Federal researchers say that marijuana is less risky and prone to misuse than other tightly controlled substances, and has potential medical benefits, according to a scientific review posted online last week. The researchers recommend that marijuana be removed from the most restrictive category of substances, known as Schedule I.
The documents, obtained in a lawsuit, show scientists from the Food and Drug Administration and the National Institute on Drug Abuse recommended that the Drug Enforcement Administration (DEA) remove marijuana from Schedule I, which includes heroin. They recommend that marijuana be moved to Schedule III, which includes ketamine and testosterone, which are available by prescription, The New York Times reports.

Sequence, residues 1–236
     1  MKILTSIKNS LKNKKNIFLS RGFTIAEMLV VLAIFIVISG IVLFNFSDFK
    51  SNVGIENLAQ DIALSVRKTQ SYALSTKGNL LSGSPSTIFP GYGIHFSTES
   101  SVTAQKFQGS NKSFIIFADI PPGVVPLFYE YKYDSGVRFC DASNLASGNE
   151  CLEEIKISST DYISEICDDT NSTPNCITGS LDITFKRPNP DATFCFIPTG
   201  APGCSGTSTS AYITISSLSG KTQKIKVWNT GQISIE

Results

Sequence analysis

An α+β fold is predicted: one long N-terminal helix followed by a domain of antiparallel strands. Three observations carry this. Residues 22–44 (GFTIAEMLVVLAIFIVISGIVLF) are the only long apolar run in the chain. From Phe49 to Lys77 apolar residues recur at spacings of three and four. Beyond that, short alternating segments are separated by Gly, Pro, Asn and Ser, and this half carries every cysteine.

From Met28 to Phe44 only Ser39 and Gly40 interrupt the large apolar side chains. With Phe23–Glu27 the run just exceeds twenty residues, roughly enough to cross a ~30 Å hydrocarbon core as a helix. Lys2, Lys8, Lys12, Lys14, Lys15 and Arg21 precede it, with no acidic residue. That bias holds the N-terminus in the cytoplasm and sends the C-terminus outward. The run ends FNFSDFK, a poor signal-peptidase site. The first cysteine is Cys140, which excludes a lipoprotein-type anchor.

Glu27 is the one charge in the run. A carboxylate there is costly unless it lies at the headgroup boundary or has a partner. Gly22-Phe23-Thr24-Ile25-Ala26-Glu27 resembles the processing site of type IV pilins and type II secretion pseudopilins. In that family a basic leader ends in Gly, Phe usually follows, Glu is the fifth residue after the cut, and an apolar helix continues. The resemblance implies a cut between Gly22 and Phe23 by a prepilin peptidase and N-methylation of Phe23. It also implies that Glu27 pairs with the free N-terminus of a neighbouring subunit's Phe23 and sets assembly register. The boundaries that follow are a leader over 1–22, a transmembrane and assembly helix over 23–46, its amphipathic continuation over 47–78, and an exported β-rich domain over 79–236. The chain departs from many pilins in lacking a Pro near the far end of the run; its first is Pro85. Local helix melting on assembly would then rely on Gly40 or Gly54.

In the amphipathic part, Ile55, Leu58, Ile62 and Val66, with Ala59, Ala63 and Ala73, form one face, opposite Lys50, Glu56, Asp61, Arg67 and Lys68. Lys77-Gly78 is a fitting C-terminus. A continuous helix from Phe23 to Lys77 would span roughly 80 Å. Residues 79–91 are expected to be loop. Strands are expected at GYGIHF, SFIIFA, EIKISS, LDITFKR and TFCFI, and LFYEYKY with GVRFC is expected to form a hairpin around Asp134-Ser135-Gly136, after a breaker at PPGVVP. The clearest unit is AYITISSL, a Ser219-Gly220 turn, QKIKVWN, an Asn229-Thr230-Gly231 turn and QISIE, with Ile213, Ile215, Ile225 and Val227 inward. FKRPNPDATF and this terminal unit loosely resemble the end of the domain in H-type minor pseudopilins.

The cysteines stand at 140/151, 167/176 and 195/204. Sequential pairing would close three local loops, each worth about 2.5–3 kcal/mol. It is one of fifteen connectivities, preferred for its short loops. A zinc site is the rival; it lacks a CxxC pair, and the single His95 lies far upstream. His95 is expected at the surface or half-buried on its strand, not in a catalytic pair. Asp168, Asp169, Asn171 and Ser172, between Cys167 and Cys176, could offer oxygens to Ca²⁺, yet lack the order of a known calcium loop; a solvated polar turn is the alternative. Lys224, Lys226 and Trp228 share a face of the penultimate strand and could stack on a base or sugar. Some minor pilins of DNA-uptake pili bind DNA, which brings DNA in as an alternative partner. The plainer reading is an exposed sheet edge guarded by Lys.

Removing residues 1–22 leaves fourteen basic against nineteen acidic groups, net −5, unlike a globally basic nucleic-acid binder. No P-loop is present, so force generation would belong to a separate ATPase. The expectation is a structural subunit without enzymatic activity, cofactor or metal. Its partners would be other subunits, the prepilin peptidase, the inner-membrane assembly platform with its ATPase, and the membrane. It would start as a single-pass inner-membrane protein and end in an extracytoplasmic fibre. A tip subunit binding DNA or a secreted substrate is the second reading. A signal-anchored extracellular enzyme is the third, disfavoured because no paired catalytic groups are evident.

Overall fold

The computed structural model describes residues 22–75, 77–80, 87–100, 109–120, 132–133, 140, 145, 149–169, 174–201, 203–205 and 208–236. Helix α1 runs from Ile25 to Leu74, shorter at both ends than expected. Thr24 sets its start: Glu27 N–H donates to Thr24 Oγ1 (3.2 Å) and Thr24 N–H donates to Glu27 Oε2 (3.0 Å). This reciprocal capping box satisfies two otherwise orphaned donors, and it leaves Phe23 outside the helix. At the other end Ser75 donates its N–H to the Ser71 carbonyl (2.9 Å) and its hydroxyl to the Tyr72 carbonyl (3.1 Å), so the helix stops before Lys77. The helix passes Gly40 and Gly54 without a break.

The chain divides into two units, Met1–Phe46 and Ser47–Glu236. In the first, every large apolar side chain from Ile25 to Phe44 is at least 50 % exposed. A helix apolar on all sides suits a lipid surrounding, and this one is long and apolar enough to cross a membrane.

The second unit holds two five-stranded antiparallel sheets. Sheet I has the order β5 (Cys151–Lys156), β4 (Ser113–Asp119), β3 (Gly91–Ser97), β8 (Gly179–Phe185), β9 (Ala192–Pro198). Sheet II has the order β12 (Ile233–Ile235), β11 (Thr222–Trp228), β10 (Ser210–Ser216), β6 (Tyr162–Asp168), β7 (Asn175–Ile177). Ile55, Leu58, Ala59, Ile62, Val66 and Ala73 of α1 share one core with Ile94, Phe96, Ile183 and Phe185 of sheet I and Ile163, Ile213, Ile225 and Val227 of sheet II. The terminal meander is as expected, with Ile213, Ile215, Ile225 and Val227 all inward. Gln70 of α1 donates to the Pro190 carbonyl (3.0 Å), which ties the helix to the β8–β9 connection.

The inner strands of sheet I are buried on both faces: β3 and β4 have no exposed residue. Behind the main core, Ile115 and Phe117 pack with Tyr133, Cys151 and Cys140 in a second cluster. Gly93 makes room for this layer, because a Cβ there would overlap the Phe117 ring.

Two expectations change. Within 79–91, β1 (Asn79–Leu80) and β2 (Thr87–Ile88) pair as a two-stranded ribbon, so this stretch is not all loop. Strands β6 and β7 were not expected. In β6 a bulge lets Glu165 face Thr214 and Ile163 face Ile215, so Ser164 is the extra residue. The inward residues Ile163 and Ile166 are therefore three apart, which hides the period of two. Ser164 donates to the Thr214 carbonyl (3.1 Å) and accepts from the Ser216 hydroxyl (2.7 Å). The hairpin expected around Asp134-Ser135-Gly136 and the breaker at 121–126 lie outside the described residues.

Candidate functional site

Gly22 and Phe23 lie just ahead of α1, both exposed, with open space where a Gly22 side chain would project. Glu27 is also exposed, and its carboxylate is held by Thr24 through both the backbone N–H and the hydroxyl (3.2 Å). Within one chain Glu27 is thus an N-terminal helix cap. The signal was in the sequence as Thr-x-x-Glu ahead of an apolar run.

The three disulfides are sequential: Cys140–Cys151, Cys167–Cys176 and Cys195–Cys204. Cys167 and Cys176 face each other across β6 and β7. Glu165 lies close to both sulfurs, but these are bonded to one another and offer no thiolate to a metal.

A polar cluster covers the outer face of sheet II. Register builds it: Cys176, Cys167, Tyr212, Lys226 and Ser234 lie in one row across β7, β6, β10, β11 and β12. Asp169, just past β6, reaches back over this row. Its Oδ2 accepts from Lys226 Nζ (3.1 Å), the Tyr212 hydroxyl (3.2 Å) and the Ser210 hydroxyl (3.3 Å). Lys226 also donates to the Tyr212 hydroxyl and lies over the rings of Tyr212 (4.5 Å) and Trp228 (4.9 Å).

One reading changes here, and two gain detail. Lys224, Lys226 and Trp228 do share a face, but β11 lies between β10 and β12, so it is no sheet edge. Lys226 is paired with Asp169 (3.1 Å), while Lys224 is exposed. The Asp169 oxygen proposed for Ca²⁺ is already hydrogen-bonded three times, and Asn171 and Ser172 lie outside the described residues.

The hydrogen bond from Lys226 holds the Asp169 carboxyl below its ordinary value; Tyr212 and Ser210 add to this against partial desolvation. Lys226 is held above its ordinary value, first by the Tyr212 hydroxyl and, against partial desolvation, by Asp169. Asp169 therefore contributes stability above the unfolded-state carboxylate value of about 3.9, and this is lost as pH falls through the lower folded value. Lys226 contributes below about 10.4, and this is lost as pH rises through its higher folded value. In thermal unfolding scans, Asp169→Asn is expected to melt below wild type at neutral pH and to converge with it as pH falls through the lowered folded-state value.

Marijuana has been a Schedule I substance since 1970. Schedule I substances have “no medical use and a high potential for abuse.” The review found marijuana “does not produce serious outcomes compared to drugs in Schedules I or II.” Misuse of marijuana does lead to physical dependence, according to the review, and some people develop a psychological dependence. “But the likelihood of serious outcomes is low,” the scientists wrote.
They also found there is some scientific support for therapeutic uses of marijuana. These include treatment of anorexia, pain and nausea and vomiting related to chemotherapy.
The DEA is considering the recommendation to reschedule marijuana. Any proposal regarding reclassification will be subject to public comment and debate before it is finalized.